Oldmansearch: Going Beyond The Polemic

BLOG,Nuggets February 21, 2012 18:00

By PenTales Pundit Elise Nardin, Zurich, Switzerland

Last spring, a polemic started about a new Twitter account: @oldmansearch. ‘Norman N.’ is a 82 years old American veteran living in Indianapolis – according to the tweets he sent. His Twitter account description says: “My dad is 82 years old. I’m teaching him how to use the internet. I told him twitter was how to search things on Google. These tweets are what he’s searching.”

The community received this newcomer with mixed feelings. On one side, people praised its comic potential, naming it comedy worth gold. Some people didn’t see any laughter material, and expressed a lot of criticism. We can argue about the real motivation behind this Twitter account, if it is a hoax or a real 82-year-old veteran ‘googling’ his questions on Twitter. We would be missing the point though. Maybe what matters here is not whether it is real or fake, to laugh with it /at it or to dismiss it. This polemic raises two main questions: the accessibility of social media to seniors and their acceptance on the main platforms by younger generations.

There is an enormous potential among 70+ seniors to use social media. They can connect with peers, with members of their close and extended family. Moreover, it can help reduce an intergenerational gap between family members. Nevertheless, are Facebook and Twitter’s UX easy enough for seniors or are they too tricky to use to enable a satisfying social media experience? Are we going to develop platforms with simple content sharing especially designed for older people for whom Twitter and Facebook are still a little complicated to use?

Even if we see a growing trend of adults and parents using social media, it is still mainly ‘owned’ by a younger generation reluctant to see older people and authority figure have access to their ‘private’ social life. Originally, Facebook was restricted to US college students. After, opening its access to regular students, then going worldwide, and setting a 13-year-old restriction, how will they welcome older users whose presence might annoy established younger users? Is there a trade-off to make here: older generations can join but they have to adapt themselves to an already existing interface, maybe a little too complicated and fast-paced to their skills and needs; or should we create generation-focused social media platforms, preventing generations from interconnecting? These questions are up in the air. They will certainly be answered soon.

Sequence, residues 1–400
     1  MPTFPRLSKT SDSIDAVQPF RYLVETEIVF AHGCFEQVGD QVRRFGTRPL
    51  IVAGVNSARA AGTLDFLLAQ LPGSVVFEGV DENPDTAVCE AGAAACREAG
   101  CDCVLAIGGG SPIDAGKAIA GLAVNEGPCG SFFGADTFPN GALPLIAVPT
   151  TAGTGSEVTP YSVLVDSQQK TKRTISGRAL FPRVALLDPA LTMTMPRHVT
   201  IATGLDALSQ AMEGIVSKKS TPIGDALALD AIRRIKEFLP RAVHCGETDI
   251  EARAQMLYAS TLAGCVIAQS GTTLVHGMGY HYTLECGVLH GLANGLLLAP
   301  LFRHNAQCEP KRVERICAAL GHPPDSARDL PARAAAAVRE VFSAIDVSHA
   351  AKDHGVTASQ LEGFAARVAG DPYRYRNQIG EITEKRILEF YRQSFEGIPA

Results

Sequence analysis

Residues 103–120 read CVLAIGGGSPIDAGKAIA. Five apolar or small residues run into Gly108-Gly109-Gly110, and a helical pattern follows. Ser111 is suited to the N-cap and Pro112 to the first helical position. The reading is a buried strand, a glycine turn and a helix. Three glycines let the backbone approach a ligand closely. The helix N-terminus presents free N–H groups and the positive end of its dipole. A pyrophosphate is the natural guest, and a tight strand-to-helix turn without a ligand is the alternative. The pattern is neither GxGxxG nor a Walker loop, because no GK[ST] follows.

In the meantime, do your parents, grandparents share their latest dinner pictures on Facebook? Do they answer add-ons polls on their favorite retail store fan page? We would love to hear about their experience of social media. Shoot us a “Social Media for Seniors” email to writepentales@gmail.com. If you are a senior, here are some tips for your social media errands. We would love to hear from you on Facebook or on Twitter! By the way, the share buttons below will make it easier to share this post with family and friends.


Comments are closed